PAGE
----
F or Aaron Hageman, chief executive of Delivery Drivers of Orange County, Calif., the welter of federal and state regulations concerning who qualifies as an independent contractor has become an expensive sticking point. Consider this example: A driver crossing over the bridge from Vancouver, Wash., to Portland, Ore., could be classified as full-time by one state’s standards and as a contractor by the other.
The number of regulations determining worker status has increased to more than 100 from about six in the past 20 years, Hageman says. That’s important to his 23-person company because he provides delivery drivers on a contract basis to courier services and restaurants in 42 states.
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Balancing these regulations in dozens of states eats up about one-third of Hageman’s operating cash and has shaved about 10% from his bottom line over the years. Delivery Drivers now devotes five people full-time to managing compliance, up from one person at the company’s founding. “Our legal costs to manage audits and inquiries have really gone up, and our net profit margin has gone down,” Hageman says.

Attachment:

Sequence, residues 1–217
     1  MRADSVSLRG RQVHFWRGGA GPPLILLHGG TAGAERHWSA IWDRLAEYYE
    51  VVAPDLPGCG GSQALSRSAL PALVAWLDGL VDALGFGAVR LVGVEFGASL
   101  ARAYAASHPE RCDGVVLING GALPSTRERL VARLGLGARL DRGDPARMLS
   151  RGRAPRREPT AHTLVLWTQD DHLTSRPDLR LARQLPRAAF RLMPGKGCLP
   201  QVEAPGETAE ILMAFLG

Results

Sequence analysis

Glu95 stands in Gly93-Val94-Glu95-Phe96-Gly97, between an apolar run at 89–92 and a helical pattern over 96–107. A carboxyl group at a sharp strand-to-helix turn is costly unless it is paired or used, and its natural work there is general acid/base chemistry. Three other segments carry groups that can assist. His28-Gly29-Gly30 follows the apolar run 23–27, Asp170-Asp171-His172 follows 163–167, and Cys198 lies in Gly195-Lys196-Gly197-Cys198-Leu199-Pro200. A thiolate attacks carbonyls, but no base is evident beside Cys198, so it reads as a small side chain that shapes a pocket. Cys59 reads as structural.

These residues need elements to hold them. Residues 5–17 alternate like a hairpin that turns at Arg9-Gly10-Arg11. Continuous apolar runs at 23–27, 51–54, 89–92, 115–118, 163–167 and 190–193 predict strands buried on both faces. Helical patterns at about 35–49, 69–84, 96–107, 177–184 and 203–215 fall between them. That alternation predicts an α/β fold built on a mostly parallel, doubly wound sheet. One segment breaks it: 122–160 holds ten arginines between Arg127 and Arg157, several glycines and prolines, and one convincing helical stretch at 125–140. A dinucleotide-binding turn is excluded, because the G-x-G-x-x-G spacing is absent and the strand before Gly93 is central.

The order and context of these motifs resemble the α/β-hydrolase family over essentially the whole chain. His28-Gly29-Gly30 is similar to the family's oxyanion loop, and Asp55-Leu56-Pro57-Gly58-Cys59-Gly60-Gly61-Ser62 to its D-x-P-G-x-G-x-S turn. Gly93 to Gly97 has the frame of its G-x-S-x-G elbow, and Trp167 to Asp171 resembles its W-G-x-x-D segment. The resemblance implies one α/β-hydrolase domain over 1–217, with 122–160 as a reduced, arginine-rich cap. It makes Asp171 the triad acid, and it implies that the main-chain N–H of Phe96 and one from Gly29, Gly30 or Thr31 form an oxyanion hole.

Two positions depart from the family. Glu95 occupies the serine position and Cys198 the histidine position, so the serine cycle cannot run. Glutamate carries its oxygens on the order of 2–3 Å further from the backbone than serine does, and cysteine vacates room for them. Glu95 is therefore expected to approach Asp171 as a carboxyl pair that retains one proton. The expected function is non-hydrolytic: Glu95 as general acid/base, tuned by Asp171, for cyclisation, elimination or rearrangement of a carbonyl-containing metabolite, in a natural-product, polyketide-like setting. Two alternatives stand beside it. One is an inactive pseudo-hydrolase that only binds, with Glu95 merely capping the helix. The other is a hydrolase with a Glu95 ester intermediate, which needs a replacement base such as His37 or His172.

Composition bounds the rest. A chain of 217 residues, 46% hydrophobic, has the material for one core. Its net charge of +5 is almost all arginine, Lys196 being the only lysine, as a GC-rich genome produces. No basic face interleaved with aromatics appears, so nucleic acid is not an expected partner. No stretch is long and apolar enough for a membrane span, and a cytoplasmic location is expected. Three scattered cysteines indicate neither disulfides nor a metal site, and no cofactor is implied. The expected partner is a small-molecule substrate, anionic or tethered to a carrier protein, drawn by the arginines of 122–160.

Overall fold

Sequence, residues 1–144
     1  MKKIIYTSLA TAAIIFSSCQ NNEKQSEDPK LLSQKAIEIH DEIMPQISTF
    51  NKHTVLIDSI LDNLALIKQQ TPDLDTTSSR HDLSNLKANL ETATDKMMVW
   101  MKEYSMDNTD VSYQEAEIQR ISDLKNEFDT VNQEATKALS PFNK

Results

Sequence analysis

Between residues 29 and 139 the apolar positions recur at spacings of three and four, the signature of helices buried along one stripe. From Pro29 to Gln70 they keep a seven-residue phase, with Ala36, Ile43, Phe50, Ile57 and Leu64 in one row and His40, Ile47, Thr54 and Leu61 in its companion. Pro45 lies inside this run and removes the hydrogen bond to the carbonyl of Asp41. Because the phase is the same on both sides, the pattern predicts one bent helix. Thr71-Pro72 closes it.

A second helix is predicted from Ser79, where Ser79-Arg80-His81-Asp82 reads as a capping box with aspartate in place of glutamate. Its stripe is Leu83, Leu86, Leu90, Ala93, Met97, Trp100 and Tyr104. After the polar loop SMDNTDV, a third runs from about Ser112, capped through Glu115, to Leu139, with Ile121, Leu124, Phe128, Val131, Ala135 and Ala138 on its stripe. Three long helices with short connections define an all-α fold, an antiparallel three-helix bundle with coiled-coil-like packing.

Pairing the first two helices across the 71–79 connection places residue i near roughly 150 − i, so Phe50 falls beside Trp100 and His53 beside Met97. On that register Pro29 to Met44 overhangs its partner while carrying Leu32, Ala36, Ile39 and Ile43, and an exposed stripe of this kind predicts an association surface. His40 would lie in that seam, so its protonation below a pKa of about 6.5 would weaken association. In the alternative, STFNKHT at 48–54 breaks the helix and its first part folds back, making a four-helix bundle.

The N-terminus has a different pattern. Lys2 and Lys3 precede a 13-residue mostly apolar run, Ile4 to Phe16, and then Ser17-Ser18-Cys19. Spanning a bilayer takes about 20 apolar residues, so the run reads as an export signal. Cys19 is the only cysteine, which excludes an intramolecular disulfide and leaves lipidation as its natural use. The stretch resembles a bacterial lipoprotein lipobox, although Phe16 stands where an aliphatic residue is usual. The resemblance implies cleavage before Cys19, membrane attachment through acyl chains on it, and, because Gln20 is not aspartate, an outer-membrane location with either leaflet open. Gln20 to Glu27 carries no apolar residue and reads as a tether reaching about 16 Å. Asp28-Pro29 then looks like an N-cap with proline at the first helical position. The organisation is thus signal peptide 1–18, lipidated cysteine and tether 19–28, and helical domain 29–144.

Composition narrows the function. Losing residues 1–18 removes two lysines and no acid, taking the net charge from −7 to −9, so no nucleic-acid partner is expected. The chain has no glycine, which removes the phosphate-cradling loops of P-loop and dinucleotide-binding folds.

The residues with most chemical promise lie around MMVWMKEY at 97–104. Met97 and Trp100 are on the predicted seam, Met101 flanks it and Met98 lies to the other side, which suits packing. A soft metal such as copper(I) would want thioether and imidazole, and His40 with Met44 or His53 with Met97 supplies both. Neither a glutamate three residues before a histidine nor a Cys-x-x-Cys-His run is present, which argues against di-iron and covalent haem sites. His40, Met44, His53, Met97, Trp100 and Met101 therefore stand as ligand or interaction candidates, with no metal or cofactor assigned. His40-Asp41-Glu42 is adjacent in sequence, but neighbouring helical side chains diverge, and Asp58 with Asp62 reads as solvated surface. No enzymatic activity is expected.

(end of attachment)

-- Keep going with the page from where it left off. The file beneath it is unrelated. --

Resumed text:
Does his experience mean that regulations have made it harder for small businesses to get started these days? Small business groups, such as the National Federation of Independent Business, say 45% of business owners consider regulations a very serious business problem today. That is up from 17% in 2001. For its part, the Office of Management and Budget concluded in a 2015 report that the impact on small business remains inconclusive.
To Hageman, there’s nothing inconclusive about it. “It would be a lot harder to start my business today,” he says. “There is more red tape than ever.”
A version of this article appears in the November 1, 2016 issue of Fortune as part of our "Red Tape" feature.